Child identity theft happens when someone takes a child’s sensitive personal information and uses it to get services or benefits, or to commit fraud. They might use your child’s Social Security number, name and address, or date of birth. They could use the stolen information to
- apply for government benefits, like health care coverage or nutrition assistance
- open a bank or credit card account
- apply for a loan
- sign up for a utility service, like water or electricity
- rent a place to live
Here’s what you can do to protect your child from identity theft.
Ask questions before giving anyone your child’s Social Security number
If your child’s school asks for your child’s Social Security number, ask these questions:
- Why do you need it?
- How will you protect it?
- Can you use a different identifier?
- Can you use just the last four digits of the Social Security number?
Protect documents with personal information
If you have documents with your child’s personal information, like medical bills or their Social Security card, keep them in a safe place, like a locked file cabinet.
When you decide to get rid of those documents, shred them before you throw them away. If you don’t have a shredder, look for a local shred day.
Delete personal information before disposing of a computer or cell phone
In addition to taking steps to safeguard your child’s personal information, keep an eye out for warning signs that someone is using your child’s personal information. Here are a few:
- You’re denied government benefits (like health care coverage or nutrition assistance) because someone is already using your child’s Social Security number to get those benefits.
- Someone calls you and says your child has an overdue bill, but it’s not an account you opened for the child.
- You get a letter from the IRS that says your child didn’t pay income taxes. This could happen if someone used your child’s Social Security number on tax forms for a new job.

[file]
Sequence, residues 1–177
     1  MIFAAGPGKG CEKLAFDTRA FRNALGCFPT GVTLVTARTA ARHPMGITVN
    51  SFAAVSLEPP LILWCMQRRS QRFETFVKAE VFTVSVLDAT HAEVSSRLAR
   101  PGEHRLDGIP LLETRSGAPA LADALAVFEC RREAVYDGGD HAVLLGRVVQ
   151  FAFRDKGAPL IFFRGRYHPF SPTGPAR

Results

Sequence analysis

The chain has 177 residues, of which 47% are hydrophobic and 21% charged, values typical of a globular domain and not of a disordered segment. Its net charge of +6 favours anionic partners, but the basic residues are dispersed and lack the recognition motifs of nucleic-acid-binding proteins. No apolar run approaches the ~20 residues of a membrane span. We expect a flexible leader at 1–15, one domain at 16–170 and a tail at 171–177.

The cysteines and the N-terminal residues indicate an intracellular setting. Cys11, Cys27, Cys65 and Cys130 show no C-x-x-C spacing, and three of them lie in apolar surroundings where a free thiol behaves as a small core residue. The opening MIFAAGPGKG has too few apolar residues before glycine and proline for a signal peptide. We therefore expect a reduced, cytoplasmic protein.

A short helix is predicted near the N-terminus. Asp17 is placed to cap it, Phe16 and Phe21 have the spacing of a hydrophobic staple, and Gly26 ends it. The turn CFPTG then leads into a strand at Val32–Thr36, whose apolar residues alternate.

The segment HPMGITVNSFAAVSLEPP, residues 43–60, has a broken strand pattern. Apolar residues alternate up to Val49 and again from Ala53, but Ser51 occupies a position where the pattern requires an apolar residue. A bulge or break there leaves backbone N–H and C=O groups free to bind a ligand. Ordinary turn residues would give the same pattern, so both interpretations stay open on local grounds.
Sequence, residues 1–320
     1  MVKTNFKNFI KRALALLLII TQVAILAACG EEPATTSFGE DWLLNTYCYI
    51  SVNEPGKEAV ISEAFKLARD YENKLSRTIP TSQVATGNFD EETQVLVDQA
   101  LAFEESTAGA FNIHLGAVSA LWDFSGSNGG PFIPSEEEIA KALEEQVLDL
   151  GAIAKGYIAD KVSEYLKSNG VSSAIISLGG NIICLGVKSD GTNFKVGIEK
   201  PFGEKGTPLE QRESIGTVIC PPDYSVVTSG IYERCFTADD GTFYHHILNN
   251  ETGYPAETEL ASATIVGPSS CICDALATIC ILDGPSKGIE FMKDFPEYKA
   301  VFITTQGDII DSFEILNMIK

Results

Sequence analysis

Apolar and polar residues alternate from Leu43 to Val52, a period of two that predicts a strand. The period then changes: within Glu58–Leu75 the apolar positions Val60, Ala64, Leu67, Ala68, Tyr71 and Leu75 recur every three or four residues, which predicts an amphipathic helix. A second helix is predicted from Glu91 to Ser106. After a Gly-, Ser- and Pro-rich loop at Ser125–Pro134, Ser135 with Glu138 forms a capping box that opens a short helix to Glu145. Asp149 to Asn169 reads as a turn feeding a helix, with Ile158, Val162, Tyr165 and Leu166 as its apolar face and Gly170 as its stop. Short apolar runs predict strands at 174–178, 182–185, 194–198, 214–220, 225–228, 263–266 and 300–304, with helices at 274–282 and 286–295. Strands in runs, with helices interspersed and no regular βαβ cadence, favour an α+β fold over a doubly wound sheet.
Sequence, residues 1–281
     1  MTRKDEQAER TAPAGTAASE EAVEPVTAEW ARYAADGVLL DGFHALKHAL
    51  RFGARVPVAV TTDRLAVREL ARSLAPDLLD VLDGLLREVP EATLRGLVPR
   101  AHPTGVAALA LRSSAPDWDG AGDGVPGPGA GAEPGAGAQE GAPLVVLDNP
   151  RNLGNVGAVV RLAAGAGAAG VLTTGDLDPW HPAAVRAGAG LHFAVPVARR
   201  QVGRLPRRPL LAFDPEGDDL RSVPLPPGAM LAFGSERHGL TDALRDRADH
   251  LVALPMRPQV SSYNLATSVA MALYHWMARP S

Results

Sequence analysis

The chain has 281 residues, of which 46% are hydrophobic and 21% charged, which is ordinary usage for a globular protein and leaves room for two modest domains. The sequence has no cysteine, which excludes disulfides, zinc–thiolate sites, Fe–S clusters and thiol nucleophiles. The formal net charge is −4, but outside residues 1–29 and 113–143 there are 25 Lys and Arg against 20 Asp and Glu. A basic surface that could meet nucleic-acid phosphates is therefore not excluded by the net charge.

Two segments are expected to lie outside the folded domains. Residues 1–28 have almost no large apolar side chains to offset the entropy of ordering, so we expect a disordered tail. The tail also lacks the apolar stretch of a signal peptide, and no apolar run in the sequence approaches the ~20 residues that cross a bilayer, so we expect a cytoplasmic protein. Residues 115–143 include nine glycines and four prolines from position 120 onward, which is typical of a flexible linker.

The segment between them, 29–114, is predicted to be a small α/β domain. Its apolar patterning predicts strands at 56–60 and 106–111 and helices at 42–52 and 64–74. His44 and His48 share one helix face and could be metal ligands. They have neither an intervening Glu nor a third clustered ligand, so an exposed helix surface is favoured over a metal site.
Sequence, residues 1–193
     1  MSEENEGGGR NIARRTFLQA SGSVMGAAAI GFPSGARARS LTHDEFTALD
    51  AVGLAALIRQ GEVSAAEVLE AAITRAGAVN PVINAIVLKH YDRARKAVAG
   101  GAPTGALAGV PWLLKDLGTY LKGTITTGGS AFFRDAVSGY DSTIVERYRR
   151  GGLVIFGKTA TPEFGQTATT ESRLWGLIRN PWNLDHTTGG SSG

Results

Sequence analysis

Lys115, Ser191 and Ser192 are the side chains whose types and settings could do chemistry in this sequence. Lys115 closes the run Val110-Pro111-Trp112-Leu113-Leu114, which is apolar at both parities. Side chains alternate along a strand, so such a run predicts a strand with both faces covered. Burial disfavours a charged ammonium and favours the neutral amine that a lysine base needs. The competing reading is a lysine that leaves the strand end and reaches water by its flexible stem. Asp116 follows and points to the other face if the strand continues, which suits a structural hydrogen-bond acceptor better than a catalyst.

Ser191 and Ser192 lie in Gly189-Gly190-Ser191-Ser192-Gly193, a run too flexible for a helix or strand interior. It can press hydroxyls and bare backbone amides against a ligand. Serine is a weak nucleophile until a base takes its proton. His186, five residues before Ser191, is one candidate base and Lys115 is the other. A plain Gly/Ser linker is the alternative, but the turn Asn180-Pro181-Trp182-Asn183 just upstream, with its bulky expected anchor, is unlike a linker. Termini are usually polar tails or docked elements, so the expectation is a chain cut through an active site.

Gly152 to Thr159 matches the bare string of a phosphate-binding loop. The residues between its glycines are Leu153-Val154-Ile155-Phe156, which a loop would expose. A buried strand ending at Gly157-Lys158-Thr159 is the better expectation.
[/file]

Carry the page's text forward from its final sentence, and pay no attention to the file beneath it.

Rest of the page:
- You’re denied a student loan because your child has bad credit. This could happen if someone used your child’s Social Security number to get a credit card, open a cell phone account, or set up a utility service and has not paid the bills on time or at all.
Signs of Child Identity Theft
- Turned down for government benefits
- Calls about bills in your child’s name
- Letter from the IRS about taxes your child owes
- Child’s student loan application is denied
Check if your child has a credit report
Generally, a child under 18 won’t have a credit report unless someone is using his or her information for fraud. A good way to find out if someone is using your child’s information to commit fraud is to check if your child has a credit report. To do that, contact the three credit bureaus (find their contact information at IdentityTheft.gov) and ask for a manual search for your child's Social Security number. You may have to give the credit bureaus a copy of
- your driver’s license or other government-issued identification card
- proof of your address, like a utility bill, or a credit card or insurance statement
- your child’s birth certificate
- your child’s Social Security card
If you’re not the child’s parent, you may have to give the credit bureaus a copy of documents that prove you are the child’s legal guardian.
When Your Child Turns 16
When your child turns 16, you may want to check if there’s a credit report in his or her name. This could help you spot identity theft, since children under 18 usually don’t have a credit report. If there’s inaccurate information in your child’s credit report, you’ll have time to correct it before he or she applies for a job, a college loan, a car loan, or a credit card, or tries to rent a place to live.
If you discover that someone is using your child’s personal information, here’s what to do right away:
Step 1: Report and close the fraudulent accounts
Contact the companies where fraud happened. Tell each company’s fraud department that someone opened an account using your child’s information, and ask them to close the account. Ask for written confirmation that says that your child isn’t responsible for the account.
Contact the three credit bureaus. Tell each credit bureau that someone opened an account using your child’s information. Ask them to remove any fraudulent accounts from your child’s credit report.
Step 2: Freeze your child’s credit report
If your child is under 16, you can request a free credit freeze, also known as a security freeze, to make it harder for someone to open new accounts in your child's name. The freeze stays in place until you tell the credit bureaus to remove it. (Minors who are 16 or 17 can request and remove a security freeze themselves.)
To activate a credit freeze, contact each of the three credit bureaus. Find their contact information at IdentityTheft.gov.
Step 3: Report child identity theft
Report the child identity theft to the Federal Trade Commission at IdentityTheft.gov. Include as many details as possible.
Child Identity Theft - What to Know, What to Do
This brochure for parents explains what child identity theft is and what to do if it happens to your child.